In this episode, guest host Curt Newton talks with Prof. Dennis McLaughlin about how and why he makes space for scientific controversies in his engineering course about land, water, food and climate.



Most of the students in Professor Dennis McLaughlin’s course 1.74 Land, Water, Food, and Climate come to it with established opinions on some very controversial topics: whether GMOs are safe, whether climate change is real (and really human-induced), whether organic agriculture is preferable to conventional agriculture, and whether it’s better for land to be worked by individual farmers or by larger corporations. Dealing with topics like these in an introductory graduate-level class can be challenging. You have to train students to read the scientific literature so that they can evaluate the facts on both sides of an issue.

But you also have to strike a balance between those concrete facts and the intangible social values that enter into debates on sensitive topics. In this episode, Professor McLaughlin describes his approach to those two challenges in teaching 1.74; he also explains how a diversity of backgrounds among the students in the class enriches class discussion, and he describes what he sees as the teacher’s role: to adjust and when necessary reframe the terms of discussion, while still allowing students the freedom to explore the ramifications of their ideas.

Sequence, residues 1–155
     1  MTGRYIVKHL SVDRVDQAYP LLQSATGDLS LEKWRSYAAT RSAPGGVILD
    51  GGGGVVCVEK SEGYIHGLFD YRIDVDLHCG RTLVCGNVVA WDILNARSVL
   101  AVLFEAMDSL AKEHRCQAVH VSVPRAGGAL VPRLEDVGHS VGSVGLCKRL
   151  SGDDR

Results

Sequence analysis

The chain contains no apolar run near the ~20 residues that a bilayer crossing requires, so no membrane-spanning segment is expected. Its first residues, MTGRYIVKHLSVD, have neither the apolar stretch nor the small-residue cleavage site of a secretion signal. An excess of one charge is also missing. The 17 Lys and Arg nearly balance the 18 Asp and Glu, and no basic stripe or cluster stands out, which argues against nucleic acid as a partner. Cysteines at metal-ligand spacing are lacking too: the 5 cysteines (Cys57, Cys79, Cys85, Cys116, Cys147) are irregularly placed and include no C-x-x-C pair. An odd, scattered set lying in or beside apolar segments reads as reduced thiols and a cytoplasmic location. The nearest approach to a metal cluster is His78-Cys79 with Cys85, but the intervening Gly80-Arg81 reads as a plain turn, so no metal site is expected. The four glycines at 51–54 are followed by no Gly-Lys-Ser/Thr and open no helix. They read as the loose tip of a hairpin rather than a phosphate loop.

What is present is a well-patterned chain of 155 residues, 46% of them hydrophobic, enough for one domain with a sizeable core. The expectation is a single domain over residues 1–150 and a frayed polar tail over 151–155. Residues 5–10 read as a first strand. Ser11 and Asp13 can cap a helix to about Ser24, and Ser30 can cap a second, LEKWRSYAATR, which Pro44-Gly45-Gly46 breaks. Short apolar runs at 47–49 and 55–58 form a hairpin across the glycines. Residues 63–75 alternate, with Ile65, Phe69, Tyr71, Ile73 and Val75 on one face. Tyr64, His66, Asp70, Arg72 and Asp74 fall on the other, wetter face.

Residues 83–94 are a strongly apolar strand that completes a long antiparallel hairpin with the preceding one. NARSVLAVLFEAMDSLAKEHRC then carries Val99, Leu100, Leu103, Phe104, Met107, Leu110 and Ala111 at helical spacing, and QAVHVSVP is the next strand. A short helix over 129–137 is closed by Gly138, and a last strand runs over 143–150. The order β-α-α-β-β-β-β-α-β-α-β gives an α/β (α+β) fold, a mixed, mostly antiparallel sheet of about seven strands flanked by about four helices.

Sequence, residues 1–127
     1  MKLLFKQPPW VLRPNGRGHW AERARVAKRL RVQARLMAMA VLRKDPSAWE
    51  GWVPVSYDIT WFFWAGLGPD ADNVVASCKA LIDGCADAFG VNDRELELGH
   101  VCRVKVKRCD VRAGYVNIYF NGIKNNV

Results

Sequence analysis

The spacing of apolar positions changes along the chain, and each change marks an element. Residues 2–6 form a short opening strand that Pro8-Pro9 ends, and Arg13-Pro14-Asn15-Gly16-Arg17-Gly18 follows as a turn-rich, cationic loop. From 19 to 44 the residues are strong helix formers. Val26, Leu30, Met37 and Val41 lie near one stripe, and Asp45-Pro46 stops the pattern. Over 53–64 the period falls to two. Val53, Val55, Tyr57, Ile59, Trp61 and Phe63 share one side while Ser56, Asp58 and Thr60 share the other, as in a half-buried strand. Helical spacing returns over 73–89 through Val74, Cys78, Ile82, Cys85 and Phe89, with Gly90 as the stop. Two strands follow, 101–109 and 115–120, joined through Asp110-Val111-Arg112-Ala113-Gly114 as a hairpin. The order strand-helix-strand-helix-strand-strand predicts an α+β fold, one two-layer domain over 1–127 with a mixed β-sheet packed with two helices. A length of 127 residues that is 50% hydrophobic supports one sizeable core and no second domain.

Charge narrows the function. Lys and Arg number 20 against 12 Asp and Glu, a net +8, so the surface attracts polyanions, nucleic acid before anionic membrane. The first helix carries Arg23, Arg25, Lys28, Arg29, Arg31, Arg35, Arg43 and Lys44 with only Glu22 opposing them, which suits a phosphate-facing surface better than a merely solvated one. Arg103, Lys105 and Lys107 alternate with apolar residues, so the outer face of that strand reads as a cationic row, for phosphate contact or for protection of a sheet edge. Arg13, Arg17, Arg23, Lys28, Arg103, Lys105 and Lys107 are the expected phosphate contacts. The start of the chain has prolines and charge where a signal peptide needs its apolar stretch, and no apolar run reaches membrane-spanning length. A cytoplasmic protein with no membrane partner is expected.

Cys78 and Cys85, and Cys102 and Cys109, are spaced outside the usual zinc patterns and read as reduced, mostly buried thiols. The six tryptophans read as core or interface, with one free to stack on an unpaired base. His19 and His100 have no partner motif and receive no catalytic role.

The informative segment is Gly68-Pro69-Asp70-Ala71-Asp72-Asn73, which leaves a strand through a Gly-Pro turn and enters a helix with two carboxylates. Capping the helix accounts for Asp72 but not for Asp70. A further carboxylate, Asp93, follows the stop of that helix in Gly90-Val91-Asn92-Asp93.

Relevant Resources:

Connect with Curt Newton at LinkedIn or Twitter

Music in this episode by Blue Dot Sessions

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Sarah Hansen, host and producer

Brett Paci, producer

Dave Lishansky, producer

Scriptwriting assistance by Nidhi Shastri

Show notes by Peter Chipman